Posts Tagged ‘apples’
March 12, 2015 by Johanna Burani
We can call it “cellulose, pectin, lignin, roughage,” or we can just say “lentils, berries, nuts, beans, artichoke, carrots.” What we’re talking about is dietary fiber. We all know fiber is good for us for regularity and cardiac and glycemic health and certainly for satiety and weight loss.
A word about the beneficial effects of fiber on weight loss. Literally, one word: “easy.”
A 2012 study conducted at the University of Massachuettes School of Medicine confirmed findings from other studies, namely, that focussing on just one dietary change: eating sufficient fiber (30 grams) every day, promotes gradual weight loss.
How nice that, for a change, we can add food to our diet when trying to lose weight rather than take it away!
What does 30 grams of fiber look like on a plate? Well, it would be on 3 plates (for breakfast, lunch and dinner) and some quick-grab snacks too. Take a look:
Breakfast: a cup of old fashioned oats with a cup of strawberries (7 grams)
Lunch: ham and cheese on 2 slices of rye, and an apple (8 grams)
Snack: 1 oz. almonds (4 grams)
Dinner: a cup of beef barley soup, a stuffed artichoke (12 grams)
Snack: 6 oz. fat-free Greek yogurt, 1 tablespoon honey, 1 tablespoon sunflower seeds (1 gram)
There are 32 grams of fiber right there! See how easy it is? Now, if this seems like too much fiber too quickly for your system, start with less high-fiber foods and work your way up.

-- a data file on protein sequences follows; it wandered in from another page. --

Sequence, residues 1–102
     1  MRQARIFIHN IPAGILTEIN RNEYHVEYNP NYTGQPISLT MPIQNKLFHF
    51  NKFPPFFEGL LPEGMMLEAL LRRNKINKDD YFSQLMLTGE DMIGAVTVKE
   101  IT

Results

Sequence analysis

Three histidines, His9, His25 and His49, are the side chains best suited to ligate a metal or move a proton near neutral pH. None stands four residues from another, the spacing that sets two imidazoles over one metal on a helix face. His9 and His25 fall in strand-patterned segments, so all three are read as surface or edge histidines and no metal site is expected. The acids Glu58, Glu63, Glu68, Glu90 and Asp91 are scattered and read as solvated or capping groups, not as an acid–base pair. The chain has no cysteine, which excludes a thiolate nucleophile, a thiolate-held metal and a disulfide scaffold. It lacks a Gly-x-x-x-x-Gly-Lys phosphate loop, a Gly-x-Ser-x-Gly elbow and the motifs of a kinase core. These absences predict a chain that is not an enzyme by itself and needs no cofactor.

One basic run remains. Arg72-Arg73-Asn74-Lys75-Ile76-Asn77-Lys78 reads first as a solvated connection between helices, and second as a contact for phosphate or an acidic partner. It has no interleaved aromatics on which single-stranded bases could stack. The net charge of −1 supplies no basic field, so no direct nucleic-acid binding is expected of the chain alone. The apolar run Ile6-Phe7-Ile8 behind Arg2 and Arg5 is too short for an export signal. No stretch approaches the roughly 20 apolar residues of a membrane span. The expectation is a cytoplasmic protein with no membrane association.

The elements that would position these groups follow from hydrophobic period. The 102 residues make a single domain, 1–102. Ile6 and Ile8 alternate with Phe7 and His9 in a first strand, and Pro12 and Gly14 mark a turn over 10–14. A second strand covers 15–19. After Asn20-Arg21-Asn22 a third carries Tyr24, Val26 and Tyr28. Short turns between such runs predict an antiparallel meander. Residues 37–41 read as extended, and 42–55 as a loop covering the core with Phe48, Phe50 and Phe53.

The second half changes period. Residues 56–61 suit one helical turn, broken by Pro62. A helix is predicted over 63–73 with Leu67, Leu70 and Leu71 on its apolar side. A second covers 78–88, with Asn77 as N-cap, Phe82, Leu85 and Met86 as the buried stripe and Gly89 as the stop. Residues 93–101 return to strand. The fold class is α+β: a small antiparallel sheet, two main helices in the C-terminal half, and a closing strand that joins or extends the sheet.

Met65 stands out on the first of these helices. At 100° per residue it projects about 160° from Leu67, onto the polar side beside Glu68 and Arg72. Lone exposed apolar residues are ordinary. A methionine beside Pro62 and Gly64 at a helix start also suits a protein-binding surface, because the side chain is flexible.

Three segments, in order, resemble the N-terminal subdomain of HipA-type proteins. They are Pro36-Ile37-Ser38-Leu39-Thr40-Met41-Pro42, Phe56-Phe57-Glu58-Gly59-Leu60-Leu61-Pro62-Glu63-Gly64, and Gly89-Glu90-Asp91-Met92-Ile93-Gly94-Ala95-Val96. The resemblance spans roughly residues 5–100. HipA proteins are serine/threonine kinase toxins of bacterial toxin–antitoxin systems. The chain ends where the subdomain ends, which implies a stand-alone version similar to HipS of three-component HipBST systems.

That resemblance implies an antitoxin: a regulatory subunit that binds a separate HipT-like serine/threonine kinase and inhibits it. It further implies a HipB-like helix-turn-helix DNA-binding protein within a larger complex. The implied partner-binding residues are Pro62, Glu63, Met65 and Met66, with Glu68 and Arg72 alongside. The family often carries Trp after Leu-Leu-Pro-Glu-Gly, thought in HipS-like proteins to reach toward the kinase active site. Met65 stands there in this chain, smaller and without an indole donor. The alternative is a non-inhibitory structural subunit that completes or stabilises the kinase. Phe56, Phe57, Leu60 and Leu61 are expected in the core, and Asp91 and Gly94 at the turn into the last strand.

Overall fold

Here’s a link to the Mayo Clinic’s list of fiber-rich foods to you get started.
November 19, 2014 by Johanna Burani
Magnesium is the 8th most abundant element in the earth’s crust, accounting for 13% of our planet’s mass. It’s been used in aerospace construction since World War I, is present in today’s cars, beverage cans, golf clubs, fishing reels and even firework sparklers. Who knew?
Magnesium is also found in the human body. It helps all living cells communicate with each other enhancing nerve cell function, assisting in the conversion of glucose into cell energy and promoting glucose storage in the liver and muscles if it’s not needed right away. It participates in the biochemical reactions of more than 300 enzymes involved in ceaseless metabolic activities, including insulin secretion and cellular insulin sensitivity. Who knew? keep reading »
October 31, 2012 by Johanna Burani
Italians prefer their fruit to showcase their natural sweetness and this recipe does just that. The spices and natural sweeteners blend harmoniously with the cooked fruit. You might never dream of adding vinegar to fruit but leave it to the Italians! The balsamic vinegar blends together all the flavors of this compote as soon as it hits the palate. keep reading »
December 30, 2010 by Johanna Burani
Italians eat fruit for dessert. Fresh fruit must be just that – fresh. As the winter season draws to an end, before the spring berries and early fruits (like apricots and cherries) appear, cooks take their not-so-fresh-anymore apples and pears and slowly stew them, often adding spices and liqueur. Here’s how I do it.